• I go through periods of this crap–now I just get up and read in another room. Sometimes I’m up for 2 hours, sometimes less. For me, there are times when I know I’m anxious about stuff (this is one of those times…) and I chalk it up to that. But sometimes there isn’t any reason I can put my finger on. We have a nice guest room with a great bed, and if it’s the snoring that’s keeping me awake, off I go.. . .I don’t see the point of torturing myself.! Doesn’t happen often, but I’m happier when I get enough sleep. White noise seems to help for some reason, so I’ve found that a fan or the sound of waves helps with those middle of the night wake-ups. Good luck!

  • R Honey

    Well,this coming morning I will know that I have a sisterhood who are also silently awake
    like me at 2:50,4:00 etc!
    I did see a funny cartoon on Facebook that was called Insomnia Jeopardy. Many of the worries
    you listed are like categories on the show game board! You can probably search for it!
    One thing I do find that helps is no tea,or diet coke,chocolate after 1 p.m. Alcohol is the worst
    and it is a depressant when you wake from the dead sleep at 3 a.m. All is doomed.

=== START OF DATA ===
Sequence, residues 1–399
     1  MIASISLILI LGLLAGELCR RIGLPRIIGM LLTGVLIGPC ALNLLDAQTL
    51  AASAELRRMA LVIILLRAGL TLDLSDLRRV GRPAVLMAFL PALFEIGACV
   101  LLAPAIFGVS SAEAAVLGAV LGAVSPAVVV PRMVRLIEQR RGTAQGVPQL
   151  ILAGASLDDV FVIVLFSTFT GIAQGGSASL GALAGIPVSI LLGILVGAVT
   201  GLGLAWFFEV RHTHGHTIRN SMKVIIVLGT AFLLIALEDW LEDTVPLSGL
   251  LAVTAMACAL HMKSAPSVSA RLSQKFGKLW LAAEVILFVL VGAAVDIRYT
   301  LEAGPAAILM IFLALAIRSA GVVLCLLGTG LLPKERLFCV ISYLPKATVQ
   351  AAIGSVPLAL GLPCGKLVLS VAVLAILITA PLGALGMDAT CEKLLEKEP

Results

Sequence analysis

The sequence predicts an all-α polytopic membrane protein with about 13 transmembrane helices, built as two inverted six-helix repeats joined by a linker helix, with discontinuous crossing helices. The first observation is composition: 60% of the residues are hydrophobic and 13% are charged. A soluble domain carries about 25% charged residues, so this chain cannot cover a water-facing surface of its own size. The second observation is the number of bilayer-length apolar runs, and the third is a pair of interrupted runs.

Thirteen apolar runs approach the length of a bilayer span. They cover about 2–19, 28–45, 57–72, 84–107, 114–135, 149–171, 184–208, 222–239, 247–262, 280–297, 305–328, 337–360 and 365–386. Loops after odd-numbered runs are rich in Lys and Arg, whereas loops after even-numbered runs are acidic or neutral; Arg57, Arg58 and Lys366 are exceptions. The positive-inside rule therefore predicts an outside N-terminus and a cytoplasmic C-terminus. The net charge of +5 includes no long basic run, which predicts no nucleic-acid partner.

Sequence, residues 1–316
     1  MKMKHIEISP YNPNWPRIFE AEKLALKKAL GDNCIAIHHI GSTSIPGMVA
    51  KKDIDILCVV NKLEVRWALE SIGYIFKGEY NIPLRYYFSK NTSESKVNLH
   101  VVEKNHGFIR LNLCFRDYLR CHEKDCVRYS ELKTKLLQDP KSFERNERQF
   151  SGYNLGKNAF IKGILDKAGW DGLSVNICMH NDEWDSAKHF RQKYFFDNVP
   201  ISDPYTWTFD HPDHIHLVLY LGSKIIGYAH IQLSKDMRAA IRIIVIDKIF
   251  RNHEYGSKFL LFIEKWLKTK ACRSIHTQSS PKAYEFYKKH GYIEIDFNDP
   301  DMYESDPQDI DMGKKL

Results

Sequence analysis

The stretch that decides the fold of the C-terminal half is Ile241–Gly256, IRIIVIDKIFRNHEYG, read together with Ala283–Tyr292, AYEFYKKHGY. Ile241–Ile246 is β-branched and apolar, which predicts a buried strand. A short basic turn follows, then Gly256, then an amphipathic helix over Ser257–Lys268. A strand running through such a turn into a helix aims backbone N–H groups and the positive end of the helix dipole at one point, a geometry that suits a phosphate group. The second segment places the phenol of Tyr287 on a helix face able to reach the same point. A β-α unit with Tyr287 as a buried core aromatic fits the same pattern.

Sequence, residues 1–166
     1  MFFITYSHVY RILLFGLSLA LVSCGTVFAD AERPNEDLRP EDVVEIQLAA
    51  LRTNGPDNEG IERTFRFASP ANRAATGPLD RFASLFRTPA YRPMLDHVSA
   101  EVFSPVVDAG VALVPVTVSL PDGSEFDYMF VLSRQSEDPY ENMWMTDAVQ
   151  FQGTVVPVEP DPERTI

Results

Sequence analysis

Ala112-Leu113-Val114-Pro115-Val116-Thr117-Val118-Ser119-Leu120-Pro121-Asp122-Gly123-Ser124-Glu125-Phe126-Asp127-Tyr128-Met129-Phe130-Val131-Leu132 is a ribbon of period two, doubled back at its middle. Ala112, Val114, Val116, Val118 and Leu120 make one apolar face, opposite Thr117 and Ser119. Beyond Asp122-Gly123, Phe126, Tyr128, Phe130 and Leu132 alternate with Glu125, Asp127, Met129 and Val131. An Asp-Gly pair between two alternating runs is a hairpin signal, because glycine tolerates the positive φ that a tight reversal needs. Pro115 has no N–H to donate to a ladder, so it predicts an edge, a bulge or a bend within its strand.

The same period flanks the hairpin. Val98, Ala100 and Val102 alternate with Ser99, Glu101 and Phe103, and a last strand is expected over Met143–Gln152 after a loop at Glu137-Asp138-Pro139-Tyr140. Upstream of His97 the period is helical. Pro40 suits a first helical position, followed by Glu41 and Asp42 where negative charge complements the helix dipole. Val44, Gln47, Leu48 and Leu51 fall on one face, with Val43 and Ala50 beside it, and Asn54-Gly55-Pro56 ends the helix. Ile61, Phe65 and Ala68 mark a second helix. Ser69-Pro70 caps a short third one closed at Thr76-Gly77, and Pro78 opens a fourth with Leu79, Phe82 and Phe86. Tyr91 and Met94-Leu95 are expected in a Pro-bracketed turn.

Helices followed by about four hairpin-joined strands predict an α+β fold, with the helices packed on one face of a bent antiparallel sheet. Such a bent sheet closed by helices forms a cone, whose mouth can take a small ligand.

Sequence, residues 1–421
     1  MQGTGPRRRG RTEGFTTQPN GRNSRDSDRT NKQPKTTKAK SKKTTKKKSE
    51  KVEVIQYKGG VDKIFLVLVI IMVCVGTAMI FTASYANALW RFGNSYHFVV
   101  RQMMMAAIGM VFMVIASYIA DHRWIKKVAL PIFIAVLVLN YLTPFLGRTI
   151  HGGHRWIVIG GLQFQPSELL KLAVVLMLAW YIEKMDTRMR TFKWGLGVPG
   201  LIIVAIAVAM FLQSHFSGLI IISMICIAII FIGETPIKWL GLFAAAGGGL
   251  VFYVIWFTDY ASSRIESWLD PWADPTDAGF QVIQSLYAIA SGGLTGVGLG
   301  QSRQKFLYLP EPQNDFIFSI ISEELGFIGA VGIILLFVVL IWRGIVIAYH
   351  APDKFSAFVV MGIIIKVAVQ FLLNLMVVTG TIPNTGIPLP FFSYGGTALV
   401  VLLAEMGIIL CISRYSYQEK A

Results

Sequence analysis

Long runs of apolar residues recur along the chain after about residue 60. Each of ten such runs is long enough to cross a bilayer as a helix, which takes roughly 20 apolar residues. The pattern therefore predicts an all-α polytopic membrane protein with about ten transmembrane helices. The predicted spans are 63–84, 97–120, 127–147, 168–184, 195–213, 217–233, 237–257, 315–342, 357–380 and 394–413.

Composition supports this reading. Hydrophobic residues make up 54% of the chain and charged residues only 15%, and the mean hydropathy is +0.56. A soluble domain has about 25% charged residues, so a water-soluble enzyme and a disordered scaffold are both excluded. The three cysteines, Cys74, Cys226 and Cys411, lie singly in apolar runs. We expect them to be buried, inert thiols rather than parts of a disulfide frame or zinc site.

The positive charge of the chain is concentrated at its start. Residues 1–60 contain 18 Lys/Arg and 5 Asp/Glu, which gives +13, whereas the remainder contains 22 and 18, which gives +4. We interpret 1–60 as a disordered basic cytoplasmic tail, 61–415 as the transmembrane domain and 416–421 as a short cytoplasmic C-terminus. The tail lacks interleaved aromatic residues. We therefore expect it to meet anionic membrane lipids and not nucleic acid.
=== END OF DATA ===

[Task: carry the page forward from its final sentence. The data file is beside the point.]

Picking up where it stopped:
The fun things are bad for you as usual.

  • I should not even visit this issue because it might trigger that demon. Recently I spent nights visiting all my dead relative, what I could have done different, should I feel guilty? I had to put them to rest by facing the issue and putting everything in perspective. The past is gone, period! Thank heavens the night sweats have gone away and I still do have a wonderful snoring husband. I am very grateful for those things.

  • Phew! I finally made it to the bottom of ALL OF THOSE COMMENTS! This is definitely a hot ticket subject!

    It’s almost 1AM and here I am typing to you. Last night I woke up at 4am and that was it. I’m tired but can’t sleep. Why? For a lot of the same reasons you named. Oy! Help!

  • You sure struck a nerve. I almost laughed out loud, I would have written the same post. His snoring and my inability to go to sleep quickly is a recipe for disaster. Glad to know I have such wonderful company!

  • If I slept in a room with a snoring husband, snuffling animals and a (presumbly ticking) clock I’d have trouble sleeping too.